Green: Do you think that it’s legit for a parent to say that any material that includes a curse word or a racial slur should, by definition, not be taught in a high-school classroom?
Hawn: That’s their right. With the video, I tried to introduce a very powerful piece of art, just like To Kill a Mockingbird. I wanted our students to hear what she had to say and what claims she was making. And actually, one of my standards is to evaluate the tone and language the author uses and whether it obscures their point.
Green: Was there ever a point when the political environment that you were teaching in made you second-guess your decision to introduce materials about racism and white privilege?
Hawn: No, I don’t think so. My kids are really bright. They want to be able to have these discussions. We should give our kids a lot more credit. I believe my kids can handle this difficult subject material. It does them a great service academically. I wasn’t scared or shy about that.
Green: Did Tennessee’s recent anti–Critical Race Theory bill make you fearful about what you teach in the classroom?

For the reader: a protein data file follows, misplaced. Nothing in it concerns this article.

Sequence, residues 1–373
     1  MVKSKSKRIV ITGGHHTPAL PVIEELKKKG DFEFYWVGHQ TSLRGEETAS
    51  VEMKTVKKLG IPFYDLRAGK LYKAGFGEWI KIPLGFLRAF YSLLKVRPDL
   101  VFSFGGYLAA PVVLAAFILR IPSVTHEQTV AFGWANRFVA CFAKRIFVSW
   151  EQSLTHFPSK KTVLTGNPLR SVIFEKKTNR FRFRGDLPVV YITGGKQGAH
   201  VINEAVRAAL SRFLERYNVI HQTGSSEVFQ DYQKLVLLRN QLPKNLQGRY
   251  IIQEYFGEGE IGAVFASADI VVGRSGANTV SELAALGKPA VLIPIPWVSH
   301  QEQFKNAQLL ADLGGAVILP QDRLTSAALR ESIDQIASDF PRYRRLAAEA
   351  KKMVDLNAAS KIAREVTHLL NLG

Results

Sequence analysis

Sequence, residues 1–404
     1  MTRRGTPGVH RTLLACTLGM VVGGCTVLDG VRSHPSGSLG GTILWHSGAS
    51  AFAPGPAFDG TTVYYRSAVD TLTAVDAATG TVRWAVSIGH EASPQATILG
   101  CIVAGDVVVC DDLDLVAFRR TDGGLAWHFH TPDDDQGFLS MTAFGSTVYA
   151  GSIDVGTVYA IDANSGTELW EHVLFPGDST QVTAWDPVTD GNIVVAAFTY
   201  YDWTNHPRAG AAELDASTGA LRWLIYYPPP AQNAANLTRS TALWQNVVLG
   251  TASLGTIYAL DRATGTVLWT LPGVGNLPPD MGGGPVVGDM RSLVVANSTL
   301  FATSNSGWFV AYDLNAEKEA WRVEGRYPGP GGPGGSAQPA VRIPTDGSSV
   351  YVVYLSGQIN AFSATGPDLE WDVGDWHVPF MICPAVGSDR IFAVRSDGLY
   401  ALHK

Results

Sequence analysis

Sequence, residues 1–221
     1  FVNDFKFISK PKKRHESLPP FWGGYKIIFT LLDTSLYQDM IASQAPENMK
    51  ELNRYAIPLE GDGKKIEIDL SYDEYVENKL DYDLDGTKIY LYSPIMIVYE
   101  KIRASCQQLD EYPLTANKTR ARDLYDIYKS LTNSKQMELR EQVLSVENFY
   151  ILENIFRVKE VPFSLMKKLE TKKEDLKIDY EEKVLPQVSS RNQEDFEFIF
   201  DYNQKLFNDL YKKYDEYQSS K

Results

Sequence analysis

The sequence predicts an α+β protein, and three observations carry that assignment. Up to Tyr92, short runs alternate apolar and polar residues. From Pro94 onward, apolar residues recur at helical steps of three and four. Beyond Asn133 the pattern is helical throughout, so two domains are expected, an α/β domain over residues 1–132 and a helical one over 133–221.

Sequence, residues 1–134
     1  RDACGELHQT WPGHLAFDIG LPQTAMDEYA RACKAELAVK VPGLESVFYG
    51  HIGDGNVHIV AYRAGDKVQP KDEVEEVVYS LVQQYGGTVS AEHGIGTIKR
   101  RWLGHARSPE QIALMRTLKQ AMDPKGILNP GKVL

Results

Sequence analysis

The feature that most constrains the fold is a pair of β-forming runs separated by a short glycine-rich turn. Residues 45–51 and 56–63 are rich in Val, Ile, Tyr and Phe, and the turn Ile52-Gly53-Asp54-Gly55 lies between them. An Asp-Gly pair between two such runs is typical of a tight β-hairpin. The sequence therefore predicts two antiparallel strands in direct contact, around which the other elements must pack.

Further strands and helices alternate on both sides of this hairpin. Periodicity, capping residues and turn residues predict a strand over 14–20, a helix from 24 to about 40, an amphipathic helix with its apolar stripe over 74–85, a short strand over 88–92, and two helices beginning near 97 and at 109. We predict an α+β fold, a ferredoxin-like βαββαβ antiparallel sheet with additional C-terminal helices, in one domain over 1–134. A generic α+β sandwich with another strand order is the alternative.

Hawn: I don’t know if fearful would be the right word. I just wonder what we are doing if we’re not challenging our students—if we’re not giving them these new ideas to discuss and debate.
Green: Has this experience made you sad or cynical about what the job of a public-school teacher in Tennessee has become?
Hawn: It does make me wonder about what we are trying to do for these kids academically. I believe that teaching is a very noble profession. I love it. I pride myself on giving my students a safe space to discuss and evaluate new materials and ideas. They can do it respectfully. And they can come to their own conclusions.
Green: Would you ever leave Blountville and teach somewhere else?
Hawn: I’ve thought about it in light of these past few months. But there are still good people here. There are still kids here—this may sound conceited—who deserve to have a teacher like me. I don’t know the answer to that question. I wish I did.
My family is here. I have a little 4-year-old niece whom I absolutely adore. I would hate to think that leaving this area and going somewhere else to teach would mean missing out on her life when I could be a teacher here.